Facial recognition software used to verify unemployment beneficiaries would not work well


The facial recognition program used by some two dozen US states to verify people claiming unemployment benefits works inconsistently, resulting in many people being denied benefits or having their claims suspended, Motherboard reported.

The ID.me identity verification service is intended to help reduce unemployment fraud and uses biometric data and official documents to verify people. But according to Motherboard, some who have applied for unemployment reported that ID.me has failed to identify them correctly, and that they had difficulty reaching someone at ID.me to correct the problem.

In a long email response to The edge, Blake Hall, CEO of ID.me, said the company uses “1: 1 Face Matching to match the selfie image to the photo on the government ID card. It’s similar to how Apple uses FaceID to unlock phones and how a TSA agent would compare your face to your photo ID at an airport.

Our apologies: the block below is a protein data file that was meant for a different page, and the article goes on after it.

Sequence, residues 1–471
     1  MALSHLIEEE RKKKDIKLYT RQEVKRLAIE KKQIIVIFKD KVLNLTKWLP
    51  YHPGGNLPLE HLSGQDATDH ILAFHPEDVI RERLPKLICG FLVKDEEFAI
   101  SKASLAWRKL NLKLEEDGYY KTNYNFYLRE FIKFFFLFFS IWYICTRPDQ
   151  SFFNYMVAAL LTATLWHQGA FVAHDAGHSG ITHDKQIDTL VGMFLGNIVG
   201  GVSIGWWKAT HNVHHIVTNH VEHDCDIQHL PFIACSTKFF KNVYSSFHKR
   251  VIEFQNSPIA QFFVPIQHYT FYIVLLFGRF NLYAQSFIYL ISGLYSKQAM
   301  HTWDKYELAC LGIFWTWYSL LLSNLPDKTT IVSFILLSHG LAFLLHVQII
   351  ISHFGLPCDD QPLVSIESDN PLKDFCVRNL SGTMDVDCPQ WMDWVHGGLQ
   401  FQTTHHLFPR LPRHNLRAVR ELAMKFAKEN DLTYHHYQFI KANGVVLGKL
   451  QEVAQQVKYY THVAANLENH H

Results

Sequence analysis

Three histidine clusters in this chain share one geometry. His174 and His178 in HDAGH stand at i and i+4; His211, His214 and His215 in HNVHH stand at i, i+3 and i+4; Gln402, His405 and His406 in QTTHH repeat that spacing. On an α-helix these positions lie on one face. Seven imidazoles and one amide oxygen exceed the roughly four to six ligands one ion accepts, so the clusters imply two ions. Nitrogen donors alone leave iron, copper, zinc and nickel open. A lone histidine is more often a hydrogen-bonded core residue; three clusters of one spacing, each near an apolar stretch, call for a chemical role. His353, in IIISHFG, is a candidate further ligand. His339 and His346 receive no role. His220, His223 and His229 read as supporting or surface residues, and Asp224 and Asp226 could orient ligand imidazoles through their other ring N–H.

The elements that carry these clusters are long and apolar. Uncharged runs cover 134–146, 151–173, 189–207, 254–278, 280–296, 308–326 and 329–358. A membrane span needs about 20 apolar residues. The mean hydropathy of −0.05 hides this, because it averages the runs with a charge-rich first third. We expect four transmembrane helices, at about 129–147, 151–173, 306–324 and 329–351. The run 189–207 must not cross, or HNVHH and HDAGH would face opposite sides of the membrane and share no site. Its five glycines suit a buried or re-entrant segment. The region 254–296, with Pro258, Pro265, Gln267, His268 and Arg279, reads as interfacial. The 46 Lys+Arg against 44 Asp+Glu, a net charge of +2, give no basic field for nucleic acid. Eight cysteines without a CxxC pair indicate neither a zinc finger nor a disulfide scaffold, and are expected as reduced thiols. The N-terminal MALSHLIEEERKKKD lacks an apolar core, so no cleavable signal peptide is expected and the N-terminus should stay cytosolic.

He added that the algorithms used by the company for Face Match “work with about 99.9% efficiency.” Hall also said the company was unaware of “eligible individuals” who could not verify their identity with its software, and that wait times for a video chat with a company representative “have always been less than 30 minutes all week ”.

With millions of people unemployed due to the coronavirus pandemic, state offices have faced a wave of claims over the past year. Some states reported a sharp increase in fraudulent claims last spring, and the Department of Labor reported (.pdf) in February that between March and October of last year, it identified more than $ 5 billion in potentially fraudulent unemployment benefits.

Updated June 20 at 9:24 a.m.ET: Added comment from ID.me CEO



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